More artwork to come
Lucy Lacoste Gallery will present a solo exhibition of new works by the Massachusetts artist Paul S. Briggs following the recent announcement of the gallery’s representation of his Knot Vessels and Pinched Forms. The show, Intuitive Responses: Poetic Justice in Clay, is on view February 13- March 13, 2021. The center piece of this exhibition will be six sculptures, each inspired by a specific poem written by a noted Black poet. These poets include Lucille Clifton, Sonia Sanchez, Langston Hughes, Harryette Mullen, Maya Angelou and Audre Lorde. A sculpture inspired by Amanda Gorman and her inauguration poem is in the making and may be ready for the opening.
Paul S. Briggs Artist Statement: Poetry Series
The poetry series came about as a way to look for hope and strength during these difficult times and their impact on people of color. It is my work toward finding courage in light of my ongoing work concerning legal violence and incarceration, the disproportionate number of people impacted by the pandemic, and the awakening the siege on the capital brought about as we witnessed the different manner in which people protesting under the banner of Black Lives Matter received versus those flying banners of white supremacy. What became clear was the degree to which black poetry included so much pain and power
Briggs’ forte is bringing issues of the modern Black experience to life through his sculpture. He has written in depth on matters of race and social justice. An artist, professor, philosopher and former pastor, Briggs was first known for making meditative pinch pots. A few years ago, realizing the social injustice of the American prison system, he felt compelled to channel these feelings into series of abstract sculpture. The first series was the Cell Personae, followed by the Knot Vessels, and now the Poetry Series.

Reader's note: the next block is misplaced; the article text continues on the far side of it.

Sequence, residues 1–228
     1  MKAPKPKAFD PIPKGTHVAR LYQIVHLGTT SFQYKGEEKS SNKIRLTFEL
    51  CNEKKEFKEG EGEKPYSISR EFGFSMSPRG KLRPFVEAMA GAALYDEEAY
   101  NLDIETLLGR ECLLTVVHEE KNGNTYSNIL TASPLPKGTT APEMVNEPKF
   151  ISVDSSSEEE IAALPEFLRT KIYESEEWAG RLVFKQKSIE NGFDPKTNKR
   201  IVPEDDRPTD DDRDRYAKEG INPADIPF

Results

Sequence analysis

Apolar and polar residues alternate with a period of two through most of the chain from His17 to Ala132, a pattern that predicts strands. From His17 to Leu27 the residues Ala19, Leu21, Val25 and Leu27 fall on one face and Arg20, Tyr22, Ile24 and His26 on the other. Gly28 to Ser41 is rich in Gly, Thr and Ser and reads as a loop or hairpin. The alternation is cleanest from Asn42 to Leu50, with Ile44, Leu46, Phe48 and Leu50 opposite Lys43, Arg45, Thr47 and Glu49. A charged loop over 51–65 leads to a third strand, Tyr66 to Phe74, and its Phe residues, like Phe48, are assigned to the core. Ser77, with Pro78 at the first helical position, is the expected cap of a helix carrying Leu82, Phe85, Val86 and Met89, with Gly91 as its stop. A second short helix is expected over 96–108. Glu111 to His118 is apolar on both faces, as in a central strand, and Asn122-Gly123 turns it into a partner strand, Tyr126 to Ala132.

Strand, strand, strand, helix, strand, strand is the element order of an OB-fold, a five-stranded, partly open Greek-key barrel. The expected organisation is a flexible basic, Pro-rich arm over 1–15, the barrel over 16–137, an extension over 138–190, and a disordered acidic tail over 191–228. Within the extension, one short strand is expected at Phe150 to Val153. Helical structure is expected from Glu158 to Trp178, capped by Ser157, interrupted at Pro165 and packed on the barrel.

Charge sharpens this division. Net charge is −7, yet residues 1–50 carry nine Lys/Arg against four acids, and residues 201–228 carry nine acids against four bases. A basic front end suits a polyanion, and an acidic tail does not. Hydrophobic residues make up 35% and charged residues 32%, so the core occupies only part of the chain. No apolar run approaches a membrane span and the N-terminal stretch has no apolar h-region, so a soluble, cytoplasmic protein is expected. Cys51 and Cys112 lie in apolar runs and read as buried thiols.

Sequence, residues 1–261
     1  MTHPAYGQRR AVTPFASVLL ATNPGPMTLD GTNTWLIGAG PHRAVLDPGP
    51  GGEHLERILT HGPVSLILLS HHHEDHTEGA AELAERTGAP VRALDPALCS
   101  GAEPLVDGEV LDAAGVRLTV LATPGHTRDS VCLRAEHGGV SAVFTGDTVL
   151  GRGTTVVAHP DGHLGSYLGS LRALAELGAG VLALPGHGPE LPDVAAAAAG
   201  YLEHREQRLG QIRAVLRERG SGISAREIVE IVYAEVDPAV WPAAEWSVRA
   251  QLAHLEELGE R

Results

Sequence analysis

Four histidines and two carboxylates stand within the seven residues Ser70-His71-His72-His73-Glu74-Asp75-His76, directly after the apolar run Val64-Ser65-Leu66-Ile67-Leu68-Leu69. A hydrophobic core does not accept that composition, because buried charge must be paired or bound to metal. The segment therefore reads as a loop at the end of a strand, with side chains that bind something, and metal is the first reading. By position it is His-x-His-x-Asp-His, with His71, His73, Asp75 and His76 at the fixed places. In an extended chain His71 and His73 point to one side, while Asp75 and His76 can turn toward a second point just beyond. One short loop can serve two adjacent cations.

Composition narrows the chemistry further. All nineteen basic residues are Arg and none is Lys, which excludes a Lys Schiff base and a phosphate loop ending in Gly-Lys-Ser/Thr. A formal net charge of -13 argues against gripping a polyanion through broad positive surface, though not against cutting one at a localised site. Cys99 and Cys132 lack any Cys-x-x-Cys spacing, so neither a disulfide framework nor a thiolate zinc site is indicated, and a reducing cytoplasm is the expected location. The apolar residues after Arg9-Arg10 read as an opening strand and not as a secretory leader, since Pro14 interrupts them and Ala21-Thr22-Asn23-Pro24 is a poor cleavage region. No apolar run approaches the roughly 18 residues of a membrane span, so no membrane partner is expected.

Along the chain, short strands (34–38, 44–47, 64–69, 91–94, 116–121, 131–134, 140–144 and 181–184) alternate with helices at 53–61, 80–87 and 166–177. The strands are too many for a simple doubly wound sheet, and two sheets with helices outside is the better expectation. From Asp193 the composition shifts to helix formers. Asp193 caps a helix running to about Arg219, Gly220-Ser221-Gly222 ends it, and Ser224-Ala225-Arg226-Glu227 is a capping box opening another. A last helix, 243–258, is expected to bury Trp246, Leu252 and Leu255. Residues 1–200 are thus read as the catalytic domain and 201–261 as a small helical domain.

To accompany this exhibition there will be a poetry reading, in which the poems are read and the artist talks about the related sculpture.
Paul Briggs, born in 1963, grew up in the Hudson Valley of Newburgh, NY taking his first ceramics class in 9th grade. He eventually landed at the New York State College of Ceramics at Alfred University. Paul is an artist-teacher with balanced training in Ceramics, Sculpture, and Education. He earned an MFA from the Massachusetts College of Art, an MSED from Alfred University and a PhD in Art Education/Educational Theory and Policy from the Pennsylvania State University. He has taught at all educational levels and in various contexts including the Penland and Haystack Schools of Craft. Recently he was awarded a South Eastern Minnesota Arts Council Grant for the installation, Cell Persona: The Impact of Incarceration on Black Lives. Paul was an Artist in Residence at the Harvard Ceramics Program (2019-2020) and an Associate Professor of Art Education at MassArt.
Briggs’ work can be found in the collections of Flaten Art Museum, St. Olaf College, Northfield, MN.; San Angelo Museum of Art, San Angelo, TX; University of Tennessee, Ewing Gallery, Knoxville, TN: Wellesley College Multifaith Center, Wellesley MA and the Pizutti Collection of Columbus Museum of Art. His work will soon become part of collections at the Smithsonian in Washington DC and the Alfred University Ceramic Museum, Alfred, NY.